At first glance, one might not notice one of the greatest organisational benefits of artificial intelligence technology. The genius of these technologies lies in their ability to learn and develop themselves. Artificial intelligence is like a child that needs to improve and be educated. While teaching this ‘child’, our employees are growing together – they learn how to work with this new technology and how to leverage it in their daily work. We want our people to understand how artificial intelligence works, get hands-on experience with it and be willing to experiment.


Skills acquired through work with artificial intelligence technologies are universal. What is more, they futureproof your career. The biggest challenges are the early stages of the technology itself, and knowing what tools to use and how. Every day we deal with issues that we encounter for the very first time. What kind of data does the system need and what kind of data is useless? How do we implement the technology into our organisation? There are no instructions or tried-and-tested solutions, thus we learn along with the technology.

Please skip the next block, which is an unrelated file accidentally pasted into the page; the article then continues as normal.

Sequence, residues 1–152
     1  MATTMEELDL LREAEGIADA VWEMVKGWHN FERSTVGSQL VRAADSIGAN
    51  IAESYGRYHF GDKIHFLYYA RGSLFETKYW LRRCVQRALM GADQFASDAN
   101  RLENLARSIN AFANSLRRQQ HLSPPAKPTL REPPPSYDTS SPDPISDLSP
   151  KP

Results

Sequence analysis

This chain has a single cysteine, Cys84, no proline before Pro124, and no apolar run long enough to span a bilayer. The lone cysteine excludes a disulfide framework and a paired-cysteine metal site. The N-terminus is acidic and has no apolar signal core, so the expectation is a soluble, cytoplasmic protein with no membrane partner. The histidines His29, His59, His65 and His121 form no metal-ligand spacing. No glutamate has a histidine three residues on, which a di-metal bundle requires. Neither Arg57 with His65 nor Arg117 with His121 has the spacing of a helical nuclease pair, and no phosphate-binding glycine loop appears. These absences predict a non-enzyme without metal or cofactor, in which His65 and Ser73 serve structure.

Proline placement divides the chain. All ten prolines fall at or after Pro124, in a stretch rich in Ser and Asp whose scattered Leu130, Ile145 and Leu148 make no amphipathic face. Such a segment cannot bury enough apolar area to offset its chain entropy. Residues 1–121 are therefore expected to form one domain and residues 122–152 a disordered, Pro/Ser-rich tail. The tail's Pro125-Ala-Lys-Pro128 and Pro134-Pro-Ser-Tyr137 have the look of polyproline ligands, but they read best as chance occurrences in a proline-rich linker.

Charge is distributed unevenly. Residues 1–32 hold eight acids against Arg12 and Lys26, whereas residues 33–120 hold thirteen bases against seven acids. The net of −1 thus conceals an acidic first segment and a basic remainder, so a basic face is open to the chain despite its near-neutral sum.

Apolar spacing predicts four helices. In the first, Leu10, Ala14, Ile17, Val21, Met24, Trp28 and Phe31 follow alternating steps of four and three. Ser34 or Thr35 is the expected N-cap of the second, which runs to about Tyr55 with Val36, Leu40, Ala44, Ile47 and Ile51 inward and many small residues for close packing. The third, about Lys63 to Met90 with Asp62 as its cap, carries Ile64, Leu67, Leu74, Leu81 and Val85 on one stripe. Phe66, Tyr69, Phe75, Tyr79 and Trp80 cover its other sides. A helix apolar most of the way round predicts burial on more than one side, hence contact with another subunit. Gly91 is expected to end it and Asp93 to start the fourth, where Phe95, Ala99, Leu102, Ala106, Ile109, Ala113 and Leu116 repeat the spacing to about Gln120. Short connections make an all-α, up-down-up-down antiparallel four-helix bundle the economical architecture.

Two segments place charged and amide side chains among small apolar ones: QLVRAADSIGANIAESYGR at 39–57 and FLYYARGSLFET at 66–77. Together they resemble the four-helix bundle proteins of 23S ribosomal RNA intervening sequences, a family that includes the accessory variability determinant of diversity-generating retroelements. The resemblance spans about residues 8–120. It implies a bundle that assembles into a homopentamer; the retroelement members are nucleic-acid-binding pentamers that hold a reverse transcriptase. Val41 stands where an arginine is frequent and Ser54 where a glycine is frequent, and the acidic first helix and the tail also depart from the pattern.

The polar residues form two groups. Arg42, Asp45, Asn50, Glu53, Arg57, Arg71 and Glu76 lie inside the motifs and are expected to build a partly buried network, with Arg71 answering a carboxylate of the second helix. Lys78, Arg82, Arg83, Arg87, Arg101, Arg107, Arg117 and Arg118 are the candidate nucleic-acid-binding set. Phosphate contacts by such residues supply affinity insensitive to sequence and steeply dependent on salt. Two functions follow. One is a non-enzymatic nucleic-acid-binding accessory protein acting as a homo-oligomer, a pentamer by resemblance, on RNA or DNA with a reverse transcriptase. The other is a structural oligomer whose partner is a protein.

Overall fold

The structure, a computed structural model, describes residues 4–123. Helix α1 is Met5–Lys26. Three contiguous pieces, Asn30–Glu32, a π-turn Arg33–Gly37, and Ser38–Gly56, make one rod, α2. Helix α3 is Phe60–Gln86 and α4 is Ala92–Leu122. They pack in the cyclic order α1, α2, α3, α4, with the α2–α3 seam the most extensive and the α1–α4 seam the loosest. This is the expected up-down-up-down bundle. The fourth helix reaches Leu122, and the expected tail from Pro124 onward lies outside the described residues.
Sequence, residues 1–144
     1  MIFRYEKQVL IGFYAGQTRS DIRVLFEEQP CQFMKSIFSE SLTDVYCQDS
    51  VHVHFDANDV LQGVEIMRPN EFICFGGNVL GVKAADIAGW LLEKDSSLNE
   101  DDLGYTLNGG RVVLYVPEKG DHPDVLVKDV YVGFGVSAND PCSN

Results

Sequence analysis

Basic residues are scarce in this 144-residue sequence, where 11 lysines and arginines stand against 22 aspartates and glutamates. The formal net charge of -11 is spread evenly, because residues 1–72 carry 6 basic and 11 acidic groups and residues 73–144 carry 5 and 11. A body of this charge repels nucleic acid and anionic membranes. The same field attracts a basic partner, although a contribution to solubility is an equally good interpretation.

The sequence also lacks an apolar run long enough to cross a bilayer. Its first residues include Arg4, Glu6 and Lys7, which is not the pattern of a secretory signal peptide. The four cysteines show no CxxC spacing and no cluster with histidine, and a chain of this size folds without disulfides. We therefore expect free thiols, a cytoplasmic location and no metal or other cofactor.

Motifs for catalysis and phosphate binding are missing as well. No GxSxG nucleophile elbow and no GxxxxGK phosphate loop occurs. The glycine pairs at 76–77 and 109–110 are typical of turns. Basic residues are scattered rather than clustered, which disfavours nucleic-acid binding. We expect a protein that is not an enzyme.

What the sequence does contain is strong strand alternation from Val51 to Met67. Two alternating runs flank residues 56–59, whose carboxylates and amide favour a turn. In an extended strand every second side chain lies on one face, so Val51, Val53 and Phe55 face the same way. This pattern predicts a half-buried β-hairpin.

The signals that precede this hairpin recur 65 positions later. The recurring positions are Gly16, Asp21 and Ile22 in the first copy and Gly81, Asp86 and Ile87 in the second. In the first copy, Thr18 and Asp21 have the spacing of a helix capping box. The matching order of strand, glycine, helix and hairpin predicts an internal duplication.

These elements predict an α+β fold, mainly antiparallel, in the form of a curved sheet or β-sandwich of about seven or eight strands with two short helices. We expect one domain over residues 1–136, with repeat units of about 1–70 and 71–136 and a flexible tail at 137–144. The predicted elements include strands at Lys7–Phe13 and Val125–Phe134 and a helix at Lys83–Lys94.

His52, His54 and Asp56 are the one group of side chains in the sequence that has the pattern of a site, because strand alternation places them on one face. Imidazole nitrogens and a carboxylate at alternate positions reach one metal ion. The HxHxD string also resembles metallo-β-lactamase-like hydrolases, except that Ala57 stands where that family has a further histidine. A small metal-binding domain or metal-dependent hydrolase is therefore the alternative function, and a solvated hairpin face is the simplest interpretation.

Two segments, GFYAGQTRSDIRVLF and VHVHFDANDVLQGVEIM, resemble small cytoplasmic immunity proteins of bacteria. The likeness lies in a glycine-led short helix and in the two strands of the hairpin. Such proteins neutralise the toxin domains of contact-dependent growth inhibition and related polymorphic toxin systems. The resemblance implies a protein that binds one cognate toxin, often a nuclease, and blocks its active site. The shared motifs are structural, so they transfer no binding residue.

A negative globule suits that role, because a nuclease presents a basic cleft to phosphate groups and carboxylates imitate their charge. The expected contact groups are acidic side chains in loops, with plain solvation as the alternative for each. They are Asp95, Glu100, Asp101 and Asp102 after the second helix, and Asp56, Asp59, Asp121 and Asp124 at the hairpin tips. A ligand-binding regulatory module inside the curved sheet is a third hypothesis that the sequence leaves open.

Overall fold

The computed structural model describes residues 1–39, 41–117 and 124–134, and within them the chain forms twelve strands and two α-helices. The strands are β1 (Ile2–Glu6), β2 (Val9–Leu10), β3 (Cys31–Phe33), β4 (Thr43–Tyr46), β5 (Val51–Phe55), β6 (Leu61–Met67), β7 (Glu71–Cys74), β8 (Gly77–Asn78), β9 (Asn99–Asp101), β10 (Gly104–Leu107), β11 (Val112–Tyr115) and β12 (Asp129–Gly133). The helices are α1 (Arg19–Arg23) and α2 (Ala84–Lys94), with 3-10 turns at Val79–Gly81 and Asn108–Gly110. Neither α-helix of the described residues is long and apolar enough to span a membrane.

This process develops flexibility, creativity and the ability to experiment, which nowadays are expected to be the attributes of any professional. We at Danske Bank strive to facilitate the development of these qualities in individual employees and, eventually, integrate them to the core of the organisational culture overall. In other words, as the technology improves and develops, our people grow and develop along with it. The ultimate result is that our organisation’s competence increases.


Challenges that cross all boundaries